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Optical coherence tomography following successful management of endophthalmitis

Singh, Ramandeep MD; Gupta, Vishali MD; Gupta, Amod MD; Dogra, Mangat R MD

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Indian Journal of Ophthalmology: May–Jun 2007 - Volume 55 - Issue 3 - p 234-235
doi: 10.4103/0301-4738.31953
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Endophthalmitis is a vision-threatening complication of cataract surgery and penetrating trauma (PT). Endophthalmitis vitrectomy study (EVS)1 reported a best corrected visual acuity (BCVA) of < 20/40 in 44% patients following successful treatment of post cataract surgery (PCS) endophthalmitis. In the EVS,1 vitreoretinal causes of decreased vision included pigmentary degeneration of the macula (33%), macular edema (32%), no apparent cause (26%), preretinal membrane (15%), presumed optic nerve damage (13%), retinal detachment (RD) (8%), macular ischemia (6%) and vitreous opacification (3%). Choroidal neovascularization,2 macular hole,3 epiretinal membrane (ERM)4 and traction and/or rhegmatogenous retinal detachment (RRD)5 have also been reported in endogenous candida endophthalmitis patients.

In the present series, we prospectively performed optical coherence tomography (OCT) in 20 eyes (20 patients) of endophthalmitis who obtained a BCVA of < 20/40 and clear media following surgery with successful anatomical outcome, to establish the treatable and nontreatable vitreoretinal causes of poor vision.

Materials and Methods

All patients presenting at our center from May 2003 to April 2004 with clinical features of endophthalmitis, following cataract surgery or PT, who had a BCVA of < 20/40 and clear media following surgery with successful anatomical outcome were included. Diagnosis of endophthalmitis was based on the following symptoms and signs: decreased vision, pain, hypopyon, fibrin in anterior chamber and vitreous inflammation leading to loss of red reflex.

Post cataract surgery endophthalmitis patients were managed according to EVS.6 The protocol was revised if smear or culture was positive for fungus. In these eyes immediate pars plana vitrectomy (PPV) with injection of amphotericin B (5 mg in 0.1 ml) with dexamethasone (400 mg in 0.1 ml) was performed.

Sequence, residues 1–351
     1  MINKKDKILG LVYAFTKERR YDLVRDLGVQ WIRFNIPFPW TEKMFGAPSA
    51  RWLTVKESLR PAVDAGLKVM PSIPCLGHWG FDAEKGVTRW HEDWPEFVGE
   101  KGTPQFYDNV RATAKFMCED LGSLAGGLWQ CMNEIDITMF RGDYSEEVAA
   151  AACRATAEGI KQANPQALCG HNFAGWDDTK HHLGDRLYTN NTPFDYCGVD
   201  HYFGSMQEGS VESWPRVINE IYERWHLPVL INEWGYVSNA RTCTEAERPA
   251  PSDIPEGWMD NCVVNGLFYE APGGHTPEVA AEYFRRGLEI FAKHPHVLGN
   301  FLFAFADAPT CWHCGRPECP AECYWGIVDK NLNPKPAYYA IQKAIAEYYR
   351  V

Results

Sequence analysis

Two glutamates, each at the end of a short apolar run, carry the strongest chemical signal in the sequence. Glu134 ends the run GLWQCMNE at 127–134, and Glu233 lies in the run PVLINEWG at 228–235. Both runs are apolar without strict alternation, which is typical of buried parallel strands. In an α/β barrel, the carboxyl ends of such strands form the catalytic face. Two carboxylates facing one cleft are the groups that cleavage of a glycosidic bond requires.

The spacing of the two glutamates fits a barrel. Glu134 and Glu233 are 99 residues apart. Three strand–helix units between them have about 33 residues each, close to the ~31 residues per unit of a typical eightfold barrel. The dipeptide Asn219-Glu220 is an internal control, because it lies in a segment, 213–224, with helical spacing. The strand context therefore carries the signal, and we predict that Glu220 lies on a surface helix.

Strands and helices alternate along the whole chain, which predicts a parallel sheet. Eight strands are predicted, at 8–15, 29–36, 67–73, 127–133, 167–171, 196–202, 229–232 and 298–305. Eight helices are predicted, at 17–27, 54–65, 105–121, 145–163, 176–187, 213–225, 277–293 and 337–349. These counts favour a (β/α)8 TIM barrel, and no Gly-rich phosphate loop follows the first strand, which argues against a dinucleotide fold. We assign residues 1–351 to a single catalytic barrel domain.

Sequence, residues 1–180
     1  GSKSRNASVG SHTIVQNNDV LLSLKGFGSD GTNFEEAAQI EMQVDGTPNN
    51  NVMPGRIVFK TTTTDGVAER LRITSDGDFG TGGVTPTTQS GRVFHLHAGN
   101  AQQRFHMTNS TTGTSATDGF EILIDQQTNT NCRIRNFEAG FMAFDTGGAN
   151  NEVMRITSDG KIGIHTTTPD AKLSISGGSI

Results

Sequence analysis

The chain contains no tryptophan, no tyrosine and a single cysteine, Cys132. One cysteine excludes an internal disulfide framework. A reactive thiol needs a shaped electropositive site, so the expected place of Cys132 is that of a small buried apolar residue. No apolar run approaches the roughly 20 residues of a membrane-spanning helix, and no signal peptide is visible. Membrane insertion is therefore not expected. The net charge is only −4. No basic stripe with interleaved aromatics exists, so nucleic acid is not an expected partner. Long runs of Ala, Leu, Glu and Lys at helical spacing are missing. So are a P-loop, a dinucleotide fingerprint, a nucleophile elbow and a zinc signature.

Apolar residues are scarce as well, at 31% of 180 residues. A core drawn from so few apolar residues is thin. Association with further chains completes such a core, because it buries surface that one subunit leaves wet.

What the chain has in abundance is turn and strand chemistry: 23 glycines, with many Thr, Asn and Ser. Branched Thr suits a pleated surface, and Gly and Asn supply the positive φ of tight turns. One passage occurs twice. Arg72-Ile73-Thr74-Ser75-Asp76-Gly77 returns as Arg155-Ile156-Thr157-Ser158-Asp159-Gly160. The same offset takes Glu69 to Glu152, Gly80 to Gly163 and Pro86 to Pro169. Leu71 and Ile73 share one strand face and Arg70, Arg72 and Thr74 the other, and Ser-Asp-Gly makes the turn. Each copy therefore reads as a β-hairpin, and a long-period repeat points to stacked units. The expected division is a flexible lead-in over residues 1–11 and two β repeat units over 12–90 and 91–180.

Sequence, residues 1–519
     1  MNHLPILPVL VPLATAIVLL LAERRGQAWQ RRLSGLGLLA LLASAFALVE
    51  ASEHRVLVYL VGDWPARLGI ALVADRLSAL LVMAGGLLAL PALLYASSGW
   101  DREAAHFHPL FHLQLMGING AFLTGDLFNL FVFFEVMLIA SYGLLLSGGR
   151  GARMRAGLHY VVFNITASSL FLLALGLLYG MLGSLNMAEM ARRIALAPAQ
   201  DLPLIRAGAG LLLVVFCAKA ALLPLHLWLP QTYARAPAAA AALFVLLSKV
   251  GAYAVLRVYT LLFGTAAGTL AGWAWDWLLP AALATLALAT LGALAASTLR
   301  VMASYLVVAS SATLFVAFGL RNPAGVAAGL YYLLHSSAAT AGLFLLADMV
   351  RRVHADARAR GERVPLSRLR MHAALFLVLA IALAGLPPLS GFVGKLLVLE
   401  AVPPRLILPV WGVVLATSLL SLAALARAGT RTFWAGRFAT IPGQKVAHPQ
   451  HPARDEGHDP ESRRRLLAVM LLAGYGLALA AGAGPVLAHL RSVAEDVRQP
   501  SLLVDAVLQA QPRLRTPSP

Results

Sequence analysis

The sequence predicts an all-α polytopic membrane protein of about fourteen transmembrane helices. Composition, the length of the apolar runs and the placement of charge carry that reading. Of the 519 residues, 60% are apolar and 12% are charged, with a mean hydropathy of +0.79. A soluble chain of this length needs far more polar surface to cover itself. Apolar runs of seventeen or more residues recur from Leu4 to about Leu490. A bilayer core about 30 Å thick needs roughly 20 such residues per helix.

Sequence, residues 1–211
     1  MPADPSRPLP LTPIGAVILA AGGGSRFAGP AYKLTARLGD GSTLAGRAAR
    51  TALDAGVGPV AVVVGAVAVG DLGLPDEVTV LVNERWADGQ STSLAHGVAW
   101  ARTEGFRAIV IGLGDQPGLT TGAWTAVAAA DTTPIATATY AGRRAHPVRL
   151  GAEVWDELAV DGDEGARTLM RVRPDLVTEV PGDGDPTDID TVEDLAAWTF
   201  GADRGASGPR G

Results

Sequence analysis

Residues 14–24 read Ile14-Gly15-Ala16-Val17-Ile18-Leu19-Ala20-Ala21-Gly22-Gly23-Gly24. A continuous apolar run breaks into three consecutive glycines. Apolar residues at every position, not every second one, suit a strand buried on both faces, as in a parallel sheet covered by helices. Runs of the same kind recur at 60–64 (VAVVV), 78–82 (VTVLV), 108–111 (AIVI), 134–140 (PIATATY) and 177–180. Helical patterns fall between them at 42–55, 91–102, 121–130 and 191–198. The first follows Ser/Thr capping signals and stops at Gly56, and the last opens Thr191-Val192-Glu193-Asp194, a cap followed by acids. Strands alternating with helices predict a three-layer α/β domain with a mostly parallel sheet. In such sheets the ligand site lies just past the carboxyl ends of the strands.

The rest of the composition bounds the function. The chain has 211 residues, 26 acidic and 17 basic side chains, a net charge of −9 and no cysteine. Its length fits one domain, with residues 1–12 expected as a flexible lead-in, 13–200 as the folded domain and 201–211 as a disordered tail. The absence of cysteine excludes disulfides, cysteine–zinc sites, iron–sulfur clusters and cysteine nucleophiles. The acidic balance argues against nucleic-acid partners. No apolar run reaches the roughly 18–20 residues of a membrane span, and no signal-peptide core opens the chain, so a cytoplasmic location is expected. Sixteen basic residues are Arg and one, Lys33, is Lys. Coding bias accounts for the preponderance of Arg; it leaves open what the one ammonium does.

Patients with PT endophthalmitis underwent primary repair and intravitreal antibiotics (IVAB) (vancomycin 1 mg in 0.1 ml and ceftazidime 2.25 mg in 0.1 ml) in emergency setting. These patients received intravenous antibiotics (ciprofloxacin 500 mg twice daily for five days). Nonresponding patients were subjected to PPV with IVAB guided by culture report if positive.

Postoperatively, at all visits, the ocular examination included BCVA, intraocular pressure, slit-lamp biomicroscopy and indirect ophthalmoscopy.

OCT scanning (using StratusTM OCT, Carl Zeiss, Dublin. CA) of the macula was done atleast three months postoperatively in the horizontal and vertical meridians. Fundus fluorescein angiography (FFA) was done to confirm the diagnosis, wherever required.


There were 106 eyes of as many patients (56 PCS endophthalmitis; 40 PT endophthalmitis) in the study period. Of these 50 eyes (40 PCS endophthalmitis and 10 PT endophthalmitis) achieved a BCVA ³ 20/40. Fifty-six eyes achieved a BCVA < 20/40. Of these, 20 eyes (12 PCS endophthalmitis; eight PT endophthalmitis) of as many patients (13 men, seven women; range 12-80 years; mean 42.65 years) fulfilled inclusion criteria. The rest of the 36 eyes were excluded from the study because of poor media clarity or retinal detachment. Two eyes of PCS endophthalmitis recovered with IVAB alone, while 18 eyes underwent PPV.

Presenting BCVA ranged from light perception (PL) to 20/100. Final BCVA ranged from hand movements close to face (HMCF) to 20/50 at three months. The BCVA of HMCF to £ 20/400 was seen in three eyes; > 20/400 to £ 20/200 in two eyes; > 20/200 to < 20/40 in 15 eyes.